TYPES OF HOB
With so many different hobs available, it can be difficult to know where to start. We offer a simple explanation of the main types, plus their advantages and disadvantages, so you can focus your search on finding exactly what you need.
SEPARATE HOB OR A COOKER
The first decision to make is whether you need a separate hob, or a cooker with a hob included.
Separate built-in hobs and ovens can create a neater appearance in your kitchen. They’re integrated with your units and worktops for a high-quality finish.
If you have a standard-size gap left by your old cooker, a freestanding cooker is an easier option. They can also be cheaper than buying two separate, integrated appliances.
Separate built-in hobs and ovens can create a neater appearance in your kitchen.
MAIN HOB TYPES
If you’re looking for a built-in hob, it’s crucial to know which type you need as soon as possible. It isn’t as simple as deciding between gas and electric – with gas, you can find both regular and gas-on-glass, and with electric, there are ceramic, induction, and electric solid plate styles available.
A gas hob uses burners with visible flames, characterised by metal pan supports on top. This is a traditional choice still popular today, and tends to be the first choice for chefs in professional kitchens.
• Instant, powerful heat – ideal for quick recipes like stir fries
• Complete flexibility and control – no set temperature intervals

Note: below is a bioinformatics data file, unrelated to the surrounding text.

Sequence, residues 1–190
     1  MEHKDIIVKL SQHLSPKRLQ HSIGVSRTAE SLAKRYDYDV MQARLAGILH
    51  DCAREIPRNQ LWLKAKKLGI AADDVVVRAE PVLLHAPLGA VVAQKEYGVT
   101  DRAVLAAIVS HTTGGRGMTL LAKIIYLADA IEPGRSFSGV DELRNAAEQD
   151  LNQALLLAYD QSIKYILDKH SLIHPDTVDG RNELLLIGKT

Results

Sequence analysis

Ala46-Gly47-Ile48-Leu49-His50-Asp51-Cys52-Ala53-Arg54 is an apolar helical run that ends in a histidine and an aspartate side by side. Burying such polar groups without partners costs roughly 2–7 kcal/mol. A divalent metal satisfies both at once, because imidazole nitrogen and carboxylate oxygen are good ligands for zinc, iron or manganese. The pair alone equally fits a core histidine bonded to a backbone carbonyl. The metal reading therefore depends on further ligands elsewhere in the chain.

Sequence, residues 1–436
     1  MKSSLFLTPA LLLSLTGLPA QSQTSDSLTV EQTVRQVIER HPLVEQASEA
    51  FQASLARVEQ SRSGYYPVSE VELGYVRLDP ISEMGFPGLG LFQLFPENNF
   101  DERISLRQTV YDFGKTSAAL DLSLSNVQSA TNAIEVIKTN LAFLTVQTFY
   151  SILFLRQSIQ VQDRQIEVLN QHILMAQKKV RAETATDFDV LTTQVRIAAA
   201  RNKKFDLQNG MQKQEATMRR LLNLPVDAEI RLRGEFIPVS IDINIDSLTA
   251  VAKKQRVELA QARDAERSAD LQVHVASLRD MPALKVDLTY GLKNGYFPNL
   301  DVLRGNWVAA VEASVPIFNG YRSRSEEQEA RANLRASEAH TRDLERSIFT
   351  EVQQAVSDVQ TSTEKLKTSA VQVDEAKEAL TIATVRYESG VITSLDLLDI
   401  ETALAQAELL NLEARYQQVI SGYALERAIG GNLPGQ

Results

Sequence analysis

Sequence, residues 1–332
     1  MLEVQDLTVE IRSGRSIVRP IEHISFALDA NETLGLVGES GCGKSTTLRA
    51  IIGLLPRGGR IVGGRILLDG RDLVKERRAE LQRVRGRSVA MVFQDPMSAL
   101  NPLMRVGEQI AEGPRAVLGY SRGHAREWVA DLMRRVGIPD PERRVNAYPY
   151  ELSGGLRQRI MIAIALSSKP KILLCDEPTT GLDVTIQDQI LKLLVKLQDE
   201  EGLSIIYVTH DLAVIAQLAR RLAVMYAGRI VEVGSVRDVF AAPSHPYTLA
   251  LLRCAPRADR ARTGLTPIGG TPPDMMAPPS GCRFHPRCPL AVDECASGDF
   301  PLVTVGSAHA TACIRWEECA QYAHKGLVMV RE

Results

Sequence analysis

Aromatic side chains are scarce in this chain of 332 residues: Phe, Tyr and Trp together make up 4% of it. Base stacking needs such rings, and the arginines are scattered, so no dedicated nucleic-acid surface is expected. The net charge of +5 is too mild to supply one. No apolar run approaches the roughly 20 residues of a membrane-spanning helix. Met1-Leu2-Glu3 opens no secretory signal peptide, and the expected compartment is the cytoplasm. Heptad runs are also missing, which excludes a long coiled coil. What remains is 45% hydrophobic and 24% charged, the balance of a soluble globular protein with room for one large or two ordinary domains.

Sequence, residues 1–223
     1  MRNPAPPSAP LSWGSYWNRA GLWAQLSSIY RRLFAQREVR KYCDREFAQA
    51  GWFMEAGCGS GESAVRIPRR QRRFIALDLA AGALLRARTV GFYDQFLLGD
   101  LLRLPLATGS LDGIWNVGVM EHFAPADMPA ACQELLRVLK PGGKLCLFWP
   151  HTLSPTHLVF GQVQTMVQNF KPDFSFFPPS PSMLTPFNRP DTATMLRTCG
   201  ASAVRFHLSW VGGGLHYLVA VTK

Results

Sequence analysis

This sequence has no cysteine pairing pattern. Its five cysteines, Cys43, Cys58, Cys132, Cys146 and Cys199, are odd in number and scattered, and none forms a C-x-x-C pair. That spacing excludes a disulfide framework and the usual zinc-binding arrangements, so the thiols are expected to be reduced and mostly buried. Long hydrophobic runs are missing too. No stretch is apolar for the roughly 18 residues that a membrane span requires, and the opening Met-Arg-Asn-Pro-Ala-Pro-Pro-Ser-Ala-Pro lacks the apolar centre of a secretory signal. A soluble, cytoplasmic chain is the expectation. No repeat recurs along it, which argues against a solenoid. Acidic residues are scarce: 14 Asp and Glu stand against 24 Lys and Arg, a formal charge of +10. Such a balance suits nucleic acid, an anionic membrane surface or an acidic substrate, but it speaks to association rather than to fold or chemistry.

• Easy to use
• Can be used with any type of cookware
• Lower running costs than most electric powered hobs
• Cooking area cools down quickly after using
• Often have a range of burner sizes
• Most now have mains or automatic ignition, rather than battery
• All gas hobs have a flame failure safety device – if the flame goes out, the gas supply is automatically cut off
• Requires a gas supply, so isn’t suitable for all homes
• Can be difficult to clean due to the burners and pan supports – try enamel options to make this easier, or cast-iron supports if you want to focus on having a good pan base
• Less efficient than induction models
• Some consider their designs less stylish
GAS ON GLASS
Gas on glass hobs are essentially the same as regular gas models, but the burners are mounted on a sleek glass surface instead of metal. This makes them more stylish and easier to clean, while still having all the advantages of gas power.
Gas on glass hobs are more stylish and easier to clean.
The phrase ‘ceramic hob’ refers to its sleek, ceramic glass finish. This means that technically, gas on glass and induction models are also ceramic hobs. However, most of the time, if a product is advertised as a ‘ceramic hob’, it will be electric, and there are a number of different ways it could work.
Standard radiant elements simply heat the cooking surface by transferring heat from under the glass, while high-tech halogen hobs use a special form of red light to warm your pans.
Halogen is the closest you’ll get to a gas cooking experience while using electricity – it provides constant heat levels with maximum control.
Technically, gas on glass and induction hobs are also ceramic hobs.
• Sleek finish for a premium feel
• Frameless designs provide fluidity between your hob and worktops
• Easy to clean – spillages wipe off the smooth surface easily, and you don’t have to worry about scratches due to the lack of pan supports to clean around (with the exception of gas-powered ceramic)
• Works with all types of pans